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Myopia Management

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What is Myopia?

Myopia, more commonly referred to as nearsightedness, is an epidemic that is on the rise. It is primarily linked to two factors:

Genetics

A child with one myopic parent has a 1 in 4 chance of becoming myopic. The risk increases to a 1 in 2 chance if both parents are myopic.

Lifestyle

Children who spend more time on activities like reading or using handheld devices instead of spending time outdoors are more likely to become myopic.

In the US, diagnoses of myopia in children have doubled over the course of just a single generation.

Researches are predicting that by 2050, the incidence of myopia will increase by a further 40% over today’s epidemic-levels of occurrence. This would translate into almost 60 million kids under the age of 17 suffering from myopia.

As parents, it is alarming to see our child’s vision deteriorate every year. Parents who remember getting glasses themselves feared it was just a matter of time before their children needed them too.  But the rate and severity of myopia is growing so significantly, that researchers believe there are other contributing factors beyond genetics.

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What Are The Risk Factors of Becoming More Myopic?

Age: Rate of myopia onset is associated with age, with onset at younger age leading to a higher risk of developing Myopia.

Prescription Changes: If your child’s prescription makes a large change, myopia will likely continue to change with age.

Parent’s Myopia: There isn’t a definitive hereditary association but research has shown that there is a greater risk of myopia development if parents are myopic.

Close Work: The risk of myopia progression is usually higher the more the child reads and does near work.

The Dangers of Myopia

We once believed the worst part of Myopia was declining vision and stronger glasses. We now know there’s more to worry about than thickening glasses.

It is clinically proven that more severe myopia leads to a significant increase in the risk of more serious eye diseases later in life. Diseases such as macular degeneration, retinal detachment, cataracts, and glaucoma, which can all lead to blindness.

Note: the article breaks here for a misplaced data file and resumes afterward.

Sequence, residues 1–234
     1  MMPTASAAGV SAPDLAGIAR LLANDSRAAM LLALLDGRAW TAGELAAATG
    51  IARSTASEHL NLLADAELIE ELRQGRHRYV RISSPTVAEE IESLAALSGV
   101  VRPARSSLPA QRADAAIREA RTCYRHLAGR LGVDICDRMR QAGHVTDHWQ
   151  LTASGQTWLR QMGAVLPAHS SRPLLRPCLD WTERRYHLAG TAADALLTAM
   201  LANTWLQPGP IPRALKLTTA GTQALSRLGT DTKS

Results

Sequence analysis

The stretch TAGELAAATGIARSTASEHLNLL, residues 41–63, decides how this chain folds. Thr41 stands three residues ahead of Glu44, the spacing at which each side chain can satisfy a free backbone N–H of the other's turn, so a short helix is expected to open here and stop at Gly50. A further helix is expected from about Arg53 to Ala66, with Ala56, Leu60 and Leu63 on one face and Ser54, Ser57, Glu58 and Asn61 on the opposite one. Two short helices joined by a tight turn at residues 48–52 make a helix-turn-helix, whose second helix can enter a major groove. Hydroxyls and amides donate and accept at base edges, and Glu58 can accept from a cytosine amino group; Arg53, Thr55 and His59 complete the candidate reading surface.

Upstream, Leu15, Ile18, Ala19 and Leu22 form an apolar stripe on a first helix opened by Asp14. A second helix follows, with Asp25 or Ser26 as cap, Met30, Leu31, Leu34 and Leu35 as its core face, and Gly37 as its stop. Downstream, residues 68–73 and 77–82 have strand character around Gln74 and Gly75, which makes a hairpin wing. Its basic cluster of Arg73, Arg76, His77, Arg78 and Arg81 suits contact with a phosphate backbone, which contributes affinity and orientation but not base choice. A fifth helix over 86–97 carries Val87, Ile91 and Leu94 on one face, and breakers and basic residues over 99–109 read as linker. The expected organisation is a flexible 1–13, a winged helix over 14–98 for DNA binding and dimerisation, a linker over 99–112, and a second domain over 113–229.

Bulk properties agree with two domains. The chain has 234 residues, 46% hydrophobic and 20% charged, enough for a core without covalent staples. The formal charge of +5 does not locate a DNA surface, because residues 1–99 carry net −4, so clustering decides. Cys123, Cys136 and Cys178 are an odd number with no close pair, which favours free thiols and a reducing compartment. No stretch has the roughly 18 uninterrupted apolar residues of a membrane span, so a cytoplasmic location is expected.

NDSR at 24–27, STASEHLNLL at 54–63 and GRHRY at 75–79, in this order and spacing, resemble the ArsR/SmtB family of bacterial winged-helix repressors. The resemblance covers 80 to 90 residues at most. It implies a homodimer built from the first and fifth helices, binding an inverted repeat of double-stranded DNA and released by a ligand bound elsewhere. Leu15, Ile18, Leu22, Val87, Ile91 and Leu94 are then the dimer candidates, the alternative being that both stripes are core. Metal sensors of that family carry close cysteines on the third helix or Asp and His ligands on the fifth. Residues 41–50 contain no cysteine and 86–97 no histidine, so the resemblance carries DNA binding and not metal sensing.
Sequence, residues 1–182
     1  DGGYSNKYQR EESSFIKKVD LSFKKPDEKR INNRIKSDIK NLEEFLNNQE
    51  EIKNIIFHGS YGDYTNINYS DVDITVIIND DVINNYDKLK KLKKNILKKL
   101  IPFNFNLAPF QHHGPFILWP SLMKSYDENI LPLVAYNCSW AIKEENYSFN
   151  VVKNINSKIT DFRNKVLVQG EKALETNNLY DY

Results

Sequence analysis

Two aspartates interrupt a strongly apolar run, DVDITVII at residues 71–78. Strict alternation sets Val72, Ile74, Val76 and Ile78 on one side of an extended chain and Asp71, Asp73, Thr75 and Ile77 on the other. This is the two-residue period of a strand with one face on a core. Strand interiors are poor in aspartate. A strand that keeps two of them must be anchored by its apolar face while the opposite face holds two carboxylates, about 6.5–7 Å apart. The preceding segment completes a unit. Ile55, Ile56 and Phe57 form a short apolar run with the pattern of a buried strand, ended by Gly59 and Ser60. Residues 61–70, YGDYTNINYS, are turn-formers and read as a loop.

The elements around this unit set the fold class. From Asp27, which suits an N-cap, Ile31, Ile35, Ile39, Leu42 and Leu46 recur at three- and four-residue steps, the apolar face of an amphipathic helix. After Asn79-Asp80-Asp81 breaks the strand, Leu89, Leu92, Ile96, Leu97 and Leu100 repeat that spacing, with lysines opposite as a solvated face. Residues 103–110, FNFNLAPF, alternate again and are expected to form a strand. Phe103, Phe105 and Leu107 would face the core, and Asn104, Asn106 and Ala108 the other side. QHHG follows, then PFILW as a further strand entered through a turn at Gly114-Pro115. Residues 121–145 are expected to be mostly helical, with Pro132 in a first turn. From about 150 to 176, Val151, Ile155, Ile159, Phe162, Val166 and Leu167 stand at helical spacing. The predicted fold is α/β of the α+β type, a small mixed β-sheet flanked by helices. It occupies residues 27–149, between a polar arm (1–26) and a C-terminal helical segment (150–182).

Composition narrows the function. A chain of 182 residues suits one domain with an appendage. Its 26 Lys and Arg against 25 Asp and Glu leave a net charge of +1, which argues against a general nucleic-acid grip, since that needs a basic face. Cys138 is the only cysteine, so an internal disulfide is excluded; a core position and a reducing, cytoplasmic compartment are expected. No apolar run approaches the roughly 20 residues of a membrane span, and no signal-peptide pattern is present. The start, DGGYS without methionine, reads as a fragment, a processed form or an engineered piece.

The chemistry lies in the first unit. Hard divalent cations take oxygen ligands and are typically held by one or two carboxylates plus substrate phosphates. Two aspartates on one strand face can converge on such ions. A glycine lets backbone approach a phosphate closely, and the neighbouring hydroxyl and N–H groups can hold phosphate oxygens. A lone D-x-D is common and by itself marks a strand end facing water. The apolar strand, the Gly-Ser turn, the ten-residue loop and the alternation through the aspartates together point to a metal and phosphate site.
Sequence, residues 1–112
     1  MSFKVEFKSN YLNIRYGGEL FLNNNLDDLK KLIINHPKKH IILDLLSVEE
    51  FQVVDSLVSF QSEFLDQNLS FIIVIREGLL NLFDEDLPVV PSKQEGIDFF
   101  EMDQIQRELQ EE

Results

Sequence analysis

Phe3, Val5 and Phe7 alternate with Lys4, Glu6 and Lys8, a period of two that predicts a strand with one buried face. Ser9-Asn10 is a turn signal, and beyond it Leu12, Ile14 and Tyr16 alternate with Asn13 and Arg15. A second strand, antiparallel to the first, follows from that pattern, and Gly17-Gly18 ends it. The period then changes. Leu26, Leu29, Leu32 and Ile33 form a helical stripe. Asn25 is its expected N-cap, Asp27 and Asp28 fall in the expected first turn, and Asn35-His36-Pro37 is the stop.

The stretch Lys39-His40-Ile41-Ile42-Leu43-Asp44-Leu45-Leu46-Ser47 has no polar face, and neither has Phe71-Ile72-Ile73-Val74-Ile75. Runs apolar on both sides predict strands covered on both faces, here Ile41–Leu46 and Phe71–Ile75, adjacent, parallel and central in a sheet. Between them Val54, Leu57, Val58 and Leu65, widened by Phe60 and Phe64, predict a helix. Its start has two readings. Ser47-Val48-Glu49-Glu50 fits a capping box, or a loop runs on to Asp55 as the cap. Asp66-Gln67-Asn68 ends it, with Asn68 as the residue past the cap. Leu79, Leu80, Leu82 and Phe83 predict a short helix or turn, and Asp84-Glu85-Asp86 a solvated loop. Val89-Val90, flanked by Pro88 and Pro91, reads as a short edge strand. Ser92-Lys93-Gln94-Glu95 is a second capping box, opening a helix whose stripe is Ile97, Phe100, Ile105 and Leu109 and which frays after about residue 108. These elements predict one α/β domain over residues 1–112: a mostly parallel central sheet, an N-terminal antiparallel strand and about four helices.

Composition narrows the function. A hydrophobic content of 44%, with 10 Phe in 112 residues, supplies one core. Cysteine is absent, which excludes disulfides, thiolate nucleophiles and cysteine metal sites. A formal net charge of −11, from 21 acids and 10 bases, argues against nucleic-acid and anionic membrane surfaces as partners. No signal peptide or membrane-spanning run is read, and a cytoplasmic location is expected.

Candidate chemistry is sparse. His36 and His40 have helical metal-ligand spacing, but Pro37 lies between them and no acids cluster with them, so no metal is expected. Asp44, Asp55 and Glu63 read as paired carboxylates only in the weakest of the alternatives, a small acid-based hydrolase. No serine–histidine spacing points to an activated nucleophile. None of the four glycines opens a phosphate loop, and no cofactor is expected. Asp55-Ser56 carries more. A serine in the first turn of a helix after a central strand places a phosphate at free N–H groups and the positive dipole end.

Until recently, researchers believed that only severely advanced cases of Myopia could be blamed for patients developing severe eye diseases. Recent studies confirmed an increase in the risk of more serious eye diseases from any amount of myopia.

This has lead researchers to believe that no amount of myopia is safe.

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Why You Should Come To Us 

We customize the myopia management to each patient. Orthokeratology is a type of contact lens therapy that reshapes the cornea to reduce the amount of eye growth. This decreases the amount of myopia progression. And the great part is, this is all accomplished during sleep! In the morning, the contact lenses are removed and there is freedom from wearing glasses or contacts during the day! There are also indications for multifocal contact lenses in children to control myopic progression. Using drops in the eyes is also an option with great success. This is known as atropine therapy. Studies also show that increasing the amount of time that is spent outdoors is a very important aspect of controlling this worldwide epidemic.

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What Treatment Options Are Available?

Orthokeratology

Orthokeratology, or “ortho-k,” is the process of reshaping the eye with specially-designed rigid gas permeable contact lenses. The goal of ortho-k is to flatten the front surface of the eye and thereby correct mild to moderate amounts of nearsightedness and astigmatism.

MiSight Multifocal Contact Lenses

A few carefully selected designs of multifocal soft contacts can be helpful in slowing myopic changes. MiSight’s lens design slows down eye growth, reducing myopia progression while allowing children to see clearly at the same time. ​These innovative lenses are worn like daily disposable soft contact lenses that are used by teens and adults, and have been proven to be very safe for use by children.

Atropine Eye Drops

Simply using one drop every night at bedtime has shown significant myopia control.
Learn More

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